Furthermore, as people of colour, African Caribbeans have had to endure generations of racial prejudice […] Caribbean psychiatrists from Jamaica and Trinidad respectively, Hickling and Hutchinson (1999, 2000), have suggested that these racial identity conflicts in African Caribbean people – when brought into confrontation with European racism – may be a significant cause of the high rates of psychosis that have been reported in African Caribbean migrants to the UK and Holland.

In our opinion, all of these issues affecting post-colonial societies demand a dynamic response from the psychological profession. There are several other immediate concerns for psychology in the English-speaking Caribbean. Crime and violence is escalating, demanding an input from forensic psychology. The continuation of the plantation economy and old management practices, inherited from the colonial legacy and now perpetuated by the present ruling elite, have contributed to economic stagnation. These factors, and the need to adopt the latest technology, suggest a role for occupational psychology. Troubles in schools, an outdated selection system based upon the old English grammar school hierarchy, and families split by parents having to seek work abroad, all point to the need for educational and developmental specialists. A growing HIV/AIDS problem and mushrooming mental health needs further point to the need for health and clinical psychology.”

“Few tourists venture far from the resort areas to discover the realities of Caribbean life for the ordinary people”.

 

 

WEBLINKS:

Jamaican Psychological Society:

www.jps.org.jm Caribbean norms and test development as well as material on ethno-psychology:

www.neuropsychologica.com

References

Crossman, E., Ward,T., Wright, E., Matthies, B. & Hickling, F. (in press).Validation of the Zung Depression Rating Scale for use in Jamaica. West Indies Medical journal.

Fanon, F. (2000). Black skin, white masks. London:Avalon Travel Publications. (Original work published 1956 as Peau noire, masque blanc)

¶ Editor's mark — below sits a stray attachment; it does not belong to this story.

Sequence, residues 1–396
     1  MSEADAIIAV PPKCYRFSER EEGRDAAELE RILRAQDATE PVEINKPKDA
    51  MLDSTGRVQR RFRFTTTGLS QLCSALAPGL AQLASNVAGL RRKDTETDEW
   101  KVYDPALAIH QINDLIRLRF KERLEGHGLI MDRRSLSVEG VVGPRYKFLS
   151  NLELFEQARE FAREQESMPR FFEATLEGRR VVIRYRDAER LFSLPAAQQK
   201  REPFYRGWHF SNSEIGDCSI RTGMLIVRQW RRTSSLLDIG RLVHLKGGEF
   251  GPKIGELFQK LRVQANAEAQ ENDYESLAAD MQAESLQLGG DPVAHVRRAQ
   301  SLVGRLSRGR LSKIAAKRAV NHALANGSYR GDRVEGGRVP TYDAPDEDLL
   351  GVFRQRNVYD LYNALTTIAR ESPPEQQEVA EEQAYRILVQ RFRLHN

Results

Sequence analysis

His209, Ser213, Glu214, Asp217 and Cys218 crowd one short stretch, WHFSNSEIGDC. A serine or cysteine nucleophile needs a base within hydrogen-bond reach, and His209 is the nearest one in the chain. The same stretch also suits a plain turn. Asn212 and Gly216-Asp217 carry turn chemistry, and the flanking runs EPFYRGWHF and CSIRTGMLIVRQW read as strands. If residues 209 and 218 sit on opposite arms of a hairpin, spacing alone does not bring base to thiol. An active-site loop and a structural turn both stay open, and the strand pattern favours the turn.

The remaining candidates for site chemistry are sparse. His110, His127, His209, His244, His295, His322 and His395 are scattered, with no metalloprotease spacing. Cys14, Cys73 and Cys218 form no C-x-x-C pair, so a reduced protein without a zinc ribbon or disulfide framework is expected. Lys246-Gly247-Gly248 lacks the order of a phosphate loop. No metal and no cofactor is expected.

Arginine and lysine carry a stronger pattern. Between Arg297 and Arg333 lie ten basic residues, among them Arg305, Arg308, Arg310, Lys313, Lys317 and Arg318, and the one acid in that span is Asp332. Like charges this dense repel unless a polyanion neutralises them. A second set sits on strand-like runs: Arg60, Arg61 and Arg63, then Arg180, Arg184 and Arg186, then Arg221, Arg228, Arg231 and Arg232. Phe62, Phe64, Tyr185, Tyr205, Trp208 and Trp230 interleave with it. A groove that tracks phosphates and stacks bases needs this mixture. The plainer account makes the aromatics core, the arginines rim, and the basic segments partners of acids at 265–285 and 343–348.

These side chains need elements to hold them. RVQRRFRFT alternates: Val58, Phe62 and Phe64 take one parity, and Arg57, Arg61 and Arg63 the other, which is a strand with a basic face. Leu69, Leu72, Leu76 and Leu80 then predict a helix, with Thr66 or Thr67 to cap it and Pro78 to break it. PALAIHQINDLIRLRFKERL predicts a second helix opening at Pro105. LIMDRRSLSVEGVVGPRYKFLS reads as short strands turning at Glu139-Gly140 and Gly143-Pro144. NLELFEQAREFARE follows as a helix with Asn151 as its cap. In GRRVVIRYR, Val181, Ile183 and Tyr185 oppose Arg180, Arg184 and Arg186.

Glissant, E. ( 1997). The poetics of relation. Ann Arbor, Ml: University of Michigan Press.

Hickling, F.W.& Hutchinson,G. (1999).The roast breadfruit psychosis – Disturbed racial identification in African Caribbeans. Psychiatric Bulletin, 23, I -3.

Hickling, F.W.& Hutchinson,G. (2000).Post-colonialism and mental health: Understanding the roast breadfruit. Psychiatric Bulletin, 24,94-95 .

Hickling, F.W. & Matthies, B. (2004).Training clinical psychologists at the University of the West Indies [Letter to the editor]. West Indies Medical Journal, 52(4), 326.

Trimble, J.E., Helms,J.E.& Root, M.PP. (2003). Social and psychological perspectives on ethnic and racial identity. In Bernai, G..Trimble,J.E., Burlew,A.K. & Leong, F.T.L. (Eds.) Handbook of racial and ethnic minority psychology. Thousand Oaks, CA: Sage.

Ward.T. (2002, February). Validation and norms of the University of the West Indies cognitive assessment system. Paper presented at the annual conference of the International Neuropsychological Society,Toronto, Canada.

Dr Tony Ward is Head of Psychology at Newman College, Birmingham (previously a senior lecturer at the University of the West Indies). E-mail: a.ward@newman.ac. ilk.

Professor Frederick Hickling is Head of the Section of Psychiatry at the University of the West Indies at Mona, Kingston, Jamaica. E-mail: frederick. hickling@im>imona. edu.jm.

 

Author:

I’m Cece Alexandra and I have Epilepsy. Since being diagnosed, my life has changed significantly. After studying and teaching Humanities and Literature for all of my adult life, I was bullied and lost my job a month before qualifying to become an English Teacher. Once you fail the Teacher Training course in England, you cannot ever retrain; I then became too sick to work because of my Epilepsy. I am now currently studying an MSc in Mental Health Psychology with the University of Liverpool. My disability provokes me into raising awareness for invisible disabilities, which I also actively partake in with Epilepsy Action. Part of that awareness is to help fight against invisible disability discrimination - I believe that this behaviour is not cognitively unconscious; modern society is actively partaking in a hierarchy of disabilities and I believe that there is not enough psychological research to prove this. I am also clinically interested in Cultural Psychology - particularly Collectivist Culture, and wish to pursue this further in my academic career.